Edited to add: I'm not a tax professional. I got that info from research on starting my LLC and from speaking with my tax professional. Jason is right on about speaking with a professional if you intend to make this a business, whether LLC, sole proprietorship, or corporation. It's not rocket science, but avoiding problems with the revenue agents down the road is a good idea.
    Apple Orchard another example.......IRS is why my great grand father stopped dairy farming in the late 70s
    1st Year Turkey Fryer Guru-10 taps and No Clue
    2nd Year Warming Pans on a Barrel Unit-25 taps Still No Clue
    3rd Year 2 X 3 Divided Pan on a NEW Homemade Barrel Unit-45 taps Starting To Learn
    4th year (2017) Mason 2 X 3 Inside Small Shack-85 Taps I Think I'm Addicted!!

  5. #25
    Join Date
    Mar 2011
    Location
    belmont new york
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    As stated before if you are honest in what you are doing, keep good records, and receipts, you should not have a problem.we not sell syrup, but also eggs from our free range chickens, garden produce and I have been planting fruit trees for several years. We actual don't write off everything we could and probably never will. I don't try to write expenses that are not "real", I don't mind paying my FAIR share of taxes but don't want to pay for others who don't. The govt allows people engaged in an ag business to certain tax breaks and this allows us a chance at profitability, when it otherwise would close to impossible. My friend jokes with me that for every dollar I get back on my taxes I spend 20 to do it. We would probably have tens of thousands more dollars in the bank if we did not pursue these hobbies, but In my mind, would much less rich.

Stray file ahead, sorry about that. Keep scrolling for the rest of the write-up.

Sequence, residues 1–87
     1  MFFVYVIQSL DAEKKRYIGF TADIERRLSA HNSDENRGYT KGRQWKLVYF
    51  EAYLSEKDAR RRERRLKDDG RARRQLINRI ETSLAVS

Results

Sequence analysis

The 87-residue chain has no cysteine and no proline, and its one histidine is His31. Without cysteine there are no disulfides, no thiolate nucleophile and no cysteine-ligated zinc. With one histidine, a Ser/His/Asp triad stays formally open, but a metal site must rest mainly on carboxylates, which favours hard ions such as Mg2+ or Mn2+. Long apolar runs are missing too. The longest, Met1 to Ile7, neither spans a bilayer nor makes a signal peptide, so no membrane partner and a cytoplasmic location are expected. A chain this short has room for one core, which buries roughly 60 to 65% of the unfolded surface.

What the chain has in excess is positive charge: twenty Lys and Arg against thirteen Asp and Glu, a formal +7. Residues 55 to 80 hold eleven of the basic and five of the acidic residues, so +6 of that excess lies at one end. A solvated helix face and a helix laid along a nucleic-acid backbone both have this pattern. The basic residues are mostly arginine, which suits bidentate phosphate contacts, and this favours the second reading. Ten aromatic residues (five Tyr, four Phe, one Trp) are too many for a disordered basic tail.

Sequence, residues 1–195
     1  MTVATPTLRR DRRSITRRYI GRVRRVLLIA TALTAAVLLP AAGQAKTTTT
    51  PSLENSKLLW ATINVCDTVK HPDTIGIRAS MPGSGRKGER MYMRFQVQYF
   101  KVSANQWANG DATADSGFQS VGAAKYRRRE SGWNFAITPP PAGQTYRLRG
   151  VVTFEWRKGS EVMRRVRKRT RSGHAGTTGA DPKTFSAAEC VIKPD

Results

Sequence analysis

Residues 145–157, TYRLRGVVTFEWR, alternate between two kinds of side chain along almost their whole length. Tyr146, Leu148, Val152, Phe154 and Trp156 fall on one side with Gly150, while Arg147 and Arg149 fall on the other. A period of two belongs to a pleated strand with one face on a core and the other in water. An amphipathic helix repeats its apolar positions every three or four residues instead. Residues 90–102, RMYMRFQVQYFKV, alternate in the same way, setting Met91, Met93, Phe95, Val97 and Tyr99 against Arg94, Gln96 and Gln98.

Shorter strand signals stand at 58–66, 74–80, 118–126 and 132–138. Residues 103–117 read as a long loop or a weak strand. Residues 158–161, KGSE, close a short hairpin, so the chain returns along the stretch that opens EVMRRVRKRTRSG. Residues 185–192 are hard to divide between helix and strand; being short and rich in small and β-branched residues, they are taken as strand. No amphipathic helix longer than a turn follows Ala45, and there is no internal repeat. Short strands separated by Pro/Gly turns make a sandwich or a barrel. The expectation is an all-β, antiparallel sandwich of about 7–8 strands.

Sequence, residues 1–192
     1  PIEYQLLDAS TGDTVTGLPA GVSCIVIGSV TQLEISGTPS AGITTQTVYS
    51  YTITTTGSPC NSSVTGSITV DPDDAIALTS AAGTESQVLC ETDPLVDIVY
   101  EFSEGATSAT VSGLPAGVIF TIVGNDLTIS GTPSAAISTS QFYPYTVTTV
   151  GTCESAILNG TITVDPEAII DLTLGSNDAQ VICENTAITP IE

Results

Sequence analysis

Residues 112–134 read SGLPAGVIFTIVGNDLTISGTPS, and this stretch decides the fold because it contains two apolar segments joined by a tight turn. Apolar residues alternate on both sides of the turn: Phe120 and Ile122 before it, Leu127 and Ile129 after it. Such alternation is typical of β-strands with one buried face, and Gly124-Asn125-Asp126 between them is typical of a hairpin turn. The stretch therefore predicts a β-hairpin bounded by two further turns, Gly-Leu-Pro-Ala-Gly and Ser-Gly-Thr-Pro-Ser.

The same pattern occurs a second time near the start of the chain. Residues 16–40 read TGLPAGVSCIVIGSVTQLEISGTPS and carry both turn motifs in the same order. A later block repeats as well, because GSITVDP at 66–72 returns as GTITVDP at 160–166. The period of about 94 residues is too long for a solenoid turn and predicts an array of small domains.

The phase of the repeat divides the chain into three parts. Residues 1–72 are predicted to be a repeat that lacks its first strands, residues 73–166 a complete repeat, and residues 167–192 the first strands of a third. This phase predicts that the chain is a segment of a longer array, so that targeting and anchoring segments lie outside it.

2008 700 ranger xp sap hauler/45 hp 4x4 tractor/028 super stihl
    2x4 mason hobby/blower/new for 2014 smoky lake hybrid pan
    2014 300ish buckets and still need bigger evaporator/14 x 20 square log shack
    2015 2x6 drop flue phaneuf approx. 325 buckets, 1 year older, not sure about the smarter part ?
    gets expensive in a hurry!!

  6. #26
    Join Date
    Nov 2014
    Location
    Southern CT
    Posts
    127

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    Without copying info from IRS, I make note that Farm income or loss is an entirely separate area than Business income or loss. Maple syrup is specifically identified as a farm product.
    Then for interpreting, if you get any revenue, you are obligated to report it. As such, you are allowed to deduct expenses that were towards that revenue. For me, this is a startup- I sold a small amount, and working on brand recognition. some of the investments will carry forward.

  7. #27
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    Jan 2012
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    East Concord NY
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    Not trying to stir a pot but in one breath someone says they take deductions on the business though not all that they could and in the next refer to these business as hobbies!?!?

    This is a public searchable forum...

    In my mind if its a business you should take all of your deductions as to not do so add potential confusion to the hobby vs business issue the argument being if its a business why would you not deduct? Obviously you can get into the grey area of assets that have use for the business and also personal use though then you can just deduct or depreciate an appropriate percentage.

    As we all know everyones tax situation is different and should be discussed with your tax professional!
    At least 5th Gen Sugarmaker
    A fine Springer Spaniel named Grant.
    A wonderful family that is committed to the cause.
    Lots of taps, little time.